In the stackexchange answer Change of numeraire in options with currency exchange features

Pratically speaking, what this expresses is that these two things are the same: Converting the payoff (which is in EUR) to COP at T and then discounting in COP from T to t; Discounting the payoff from T to t in EUR and then converting the discounted value at t from EUR to COP.

Does that hold in general? E.g. if some exotic option payoff is paid in currency GBP at time T, then I can just price it under currency AUD payoff with AUD risk neutral measure then just multiply by TODAY's GBP/AUD exchange rate and arrive at the same price had I proceeded to price under the GBP RN measure?

  • $\begingroup$ Suppose that someone in the emerging markets issues two bonds denominated in local currency. Vanilla bond A just promises to pay 1 unit of local currency in 1 year. Whereas bond B promises that in 1 year, the issuer with observe the currency exchange rate and pay the USD amount equivalent at that time to 1 unit of local currency. I.e. B has an embedded non-delivery forward. What would you need to assume away in order for A and B to be discounted the same? The cross-currency basis is sometimes a lot. Also they'd be discounted for slightly different risks. $\endgroup$ Jul 24 at 2:10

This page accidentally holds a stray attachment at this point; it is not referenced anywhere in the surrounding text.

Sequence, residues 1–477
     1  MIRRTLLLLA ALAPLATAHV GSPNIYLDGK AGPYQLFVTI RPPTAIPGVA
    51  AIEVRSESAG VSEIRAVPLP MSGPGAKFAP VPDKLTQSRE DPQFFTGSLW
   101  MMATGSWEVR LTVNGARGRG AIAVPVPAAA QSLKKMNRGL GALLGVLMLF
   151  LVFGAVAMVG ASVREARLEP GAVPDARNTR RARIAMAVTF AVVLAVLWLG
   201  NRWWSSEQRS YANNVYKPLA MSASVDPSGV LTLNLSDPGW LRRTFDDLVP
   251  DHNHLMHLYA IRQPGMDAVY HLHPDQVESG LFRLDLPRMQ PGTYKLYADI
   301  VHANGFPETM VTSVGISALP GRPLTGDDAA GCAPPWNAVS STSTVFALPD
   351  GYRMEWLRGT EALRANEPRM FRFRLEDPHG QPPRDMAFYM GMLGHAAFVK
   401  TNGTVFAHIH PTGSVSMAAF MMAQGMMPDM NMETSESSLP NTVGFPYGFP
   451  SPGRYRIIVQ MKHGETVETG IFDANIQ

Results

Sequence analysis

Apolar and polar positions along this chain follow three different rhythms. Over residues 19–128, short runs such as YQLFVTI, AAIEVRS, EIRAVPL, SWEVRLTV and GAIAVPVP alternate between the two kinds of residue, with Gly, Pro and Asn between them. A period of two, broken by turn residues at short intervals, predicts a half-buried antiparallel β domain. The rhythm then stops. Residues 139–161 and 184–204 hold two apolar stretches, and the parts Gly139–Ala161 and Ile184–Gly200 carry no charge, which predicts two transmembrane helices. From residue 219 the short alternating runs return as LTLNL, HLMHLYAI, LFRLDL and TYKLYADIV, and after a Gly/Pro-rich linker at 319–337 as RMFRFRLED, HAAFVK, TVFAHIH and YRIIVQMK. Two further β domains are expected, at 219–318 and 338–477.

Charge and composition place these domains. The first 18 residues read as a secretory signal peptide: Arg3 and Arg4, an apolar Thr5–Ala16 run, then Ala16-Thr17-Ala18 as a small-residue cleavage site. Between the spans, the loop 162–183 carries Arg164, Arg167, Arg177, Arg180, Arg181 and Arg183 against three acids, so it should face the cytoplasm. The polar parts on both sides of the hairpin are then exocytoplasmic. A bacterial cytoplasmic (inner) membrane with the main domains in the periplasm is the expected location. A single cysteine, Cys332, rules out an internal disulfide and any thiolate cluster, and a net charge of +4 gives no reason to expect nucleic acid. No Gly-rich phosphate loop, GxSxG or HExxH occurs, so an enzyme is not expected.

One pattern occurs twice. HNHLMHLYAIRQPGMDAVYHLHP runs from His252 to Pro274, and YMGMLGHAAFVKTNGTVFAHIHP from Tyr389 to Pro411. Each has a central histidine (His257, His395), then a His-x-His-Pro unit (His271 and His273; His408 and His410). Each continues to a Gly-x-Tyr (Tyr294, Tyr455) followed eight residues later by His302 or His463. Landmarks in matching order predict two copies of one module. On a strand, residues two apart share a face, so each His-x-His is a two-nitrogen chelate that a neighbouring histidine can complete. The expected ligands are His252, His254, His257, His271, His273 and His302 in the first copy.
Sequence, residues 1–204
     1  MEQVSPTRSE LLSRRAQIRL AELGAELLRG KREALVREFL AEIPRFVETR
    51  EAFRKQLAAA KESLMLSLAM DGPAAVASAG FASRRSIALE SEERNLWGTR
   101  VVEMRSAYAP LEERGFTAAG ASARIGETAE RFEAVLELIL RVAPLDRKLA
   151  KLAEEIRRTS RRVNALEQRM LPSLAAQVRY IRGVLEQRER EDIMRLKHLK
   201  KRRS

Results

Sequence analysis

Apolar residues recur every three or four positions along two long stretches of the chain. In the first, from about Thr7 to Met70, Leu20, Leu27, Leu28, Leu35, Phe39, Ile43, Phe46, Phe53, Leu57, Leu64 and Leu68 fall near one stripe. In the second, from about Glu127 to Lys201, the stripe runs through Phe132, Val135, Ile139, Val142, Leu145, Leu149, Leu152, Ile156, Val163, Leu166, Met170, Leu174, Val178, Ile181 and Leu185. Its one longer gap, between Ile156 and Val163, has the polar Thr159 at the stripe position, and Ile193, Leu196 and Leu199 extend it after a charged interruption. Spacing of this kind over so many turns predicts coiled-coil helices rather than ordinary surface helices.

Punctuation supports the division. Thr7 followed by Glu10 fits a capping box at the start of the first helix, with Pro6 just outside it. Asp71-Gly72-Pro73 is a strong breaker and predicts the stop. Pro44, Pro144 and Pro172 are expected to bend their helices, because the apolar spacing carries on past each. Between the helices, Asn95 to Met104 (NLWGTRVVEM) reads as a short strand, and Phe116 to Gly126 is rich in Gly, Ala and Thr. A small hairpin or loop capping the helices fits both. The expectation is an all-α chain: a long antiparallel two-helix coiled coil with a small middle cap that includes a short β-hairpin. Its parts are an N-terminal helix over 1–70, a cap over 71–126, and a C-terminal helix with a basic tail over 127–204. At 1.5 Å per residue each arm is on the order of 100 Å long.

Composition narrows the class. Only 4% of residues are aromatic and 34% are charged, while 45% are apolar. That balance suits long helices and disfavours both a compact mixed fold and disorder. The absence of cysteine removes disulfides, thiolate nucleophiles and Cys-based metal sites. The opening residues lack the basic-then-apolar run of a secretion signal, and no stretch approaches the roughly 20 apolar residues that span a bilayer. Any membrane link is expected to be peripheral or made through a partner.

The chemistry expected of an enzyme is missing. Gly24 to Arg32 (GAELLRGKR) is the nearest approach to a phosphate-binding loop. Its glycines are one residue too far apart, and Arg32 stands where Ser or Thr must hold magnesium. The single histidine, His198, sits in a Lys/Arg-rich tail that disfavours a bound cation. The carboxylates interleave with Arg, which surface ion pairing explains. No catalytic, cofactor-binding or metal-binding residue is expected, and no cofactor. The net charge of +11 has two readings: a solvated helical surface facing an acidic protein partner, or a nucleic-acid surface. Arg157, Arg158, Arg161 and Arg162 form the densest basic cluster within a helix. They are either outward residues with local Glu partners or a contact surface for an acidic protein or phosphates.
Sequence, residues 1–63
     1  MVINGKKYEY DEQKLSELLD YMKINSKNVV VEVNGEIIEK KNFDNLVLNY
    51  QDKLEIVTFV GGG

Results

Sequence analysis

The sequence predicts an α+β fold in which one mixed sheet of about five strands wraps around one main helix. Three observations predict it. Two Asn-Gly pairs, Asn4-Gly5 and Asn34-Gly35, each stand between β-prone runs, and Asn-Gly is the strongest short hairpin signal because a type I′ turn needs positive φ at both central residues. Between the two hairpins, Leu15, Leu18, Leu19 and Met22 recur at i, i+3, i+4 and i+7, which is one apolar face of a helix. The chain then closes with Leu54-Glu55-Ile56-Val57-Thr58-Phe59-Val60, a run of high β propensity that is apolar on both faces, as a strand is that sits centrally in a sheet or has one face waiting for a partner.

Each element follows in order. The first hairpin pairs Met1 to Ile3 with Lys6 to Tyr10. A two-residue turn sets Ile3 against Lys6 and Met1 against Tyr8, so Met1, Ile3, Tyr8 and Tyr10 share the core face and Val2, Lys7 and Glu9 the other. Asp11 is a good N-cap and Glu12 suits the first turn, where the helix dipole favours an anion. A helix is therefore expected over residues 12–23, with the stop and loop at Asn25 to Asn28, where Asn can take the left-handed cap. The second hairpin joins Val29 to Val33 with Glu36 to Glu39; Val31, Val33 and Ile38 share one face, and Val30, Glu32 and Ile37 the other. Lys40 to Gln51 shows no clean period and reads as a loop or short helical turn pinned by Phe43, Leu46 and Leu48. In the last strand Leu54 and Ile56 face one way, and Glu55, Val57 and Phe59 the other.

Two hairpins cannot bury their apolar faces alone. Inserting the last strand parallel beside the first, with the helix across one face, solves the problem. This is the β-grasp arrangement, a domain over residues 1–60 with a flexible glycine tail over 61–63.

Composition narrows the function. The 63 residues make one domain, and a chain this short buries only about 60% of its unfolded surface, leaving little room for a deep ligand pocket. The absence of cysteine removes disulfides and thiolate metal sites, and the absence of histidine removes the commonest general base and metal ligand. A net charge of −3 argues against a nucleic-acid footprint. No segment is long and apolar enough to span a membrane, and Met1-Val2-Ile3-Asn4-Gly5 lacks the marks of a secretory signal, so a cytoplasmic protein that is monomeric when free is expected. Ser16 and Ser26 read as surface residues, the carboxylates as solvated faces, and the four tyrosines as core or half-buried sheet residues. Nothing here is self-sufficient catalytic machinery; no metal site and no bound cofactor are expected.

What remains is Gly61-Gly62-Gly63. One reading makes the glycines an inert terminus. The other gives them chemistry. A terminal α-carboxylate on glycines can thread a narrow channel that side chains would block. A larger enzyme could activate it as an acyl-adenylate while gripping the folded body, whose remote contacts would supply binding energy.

• $\begingroup$ These two option prices are the same. Converting an arbitrary payoff into another currency makes it a payoff in that currency. Calculate its PV in that currency and convert it back to the original currency. If that yielded a PV that is different from the original PV we would have an arbitrage. When you let this sink in you will realize that one does not even need math to come to this conclusion. $\endgroup$
    – Kurt G.
    Jul 25 at 8:48


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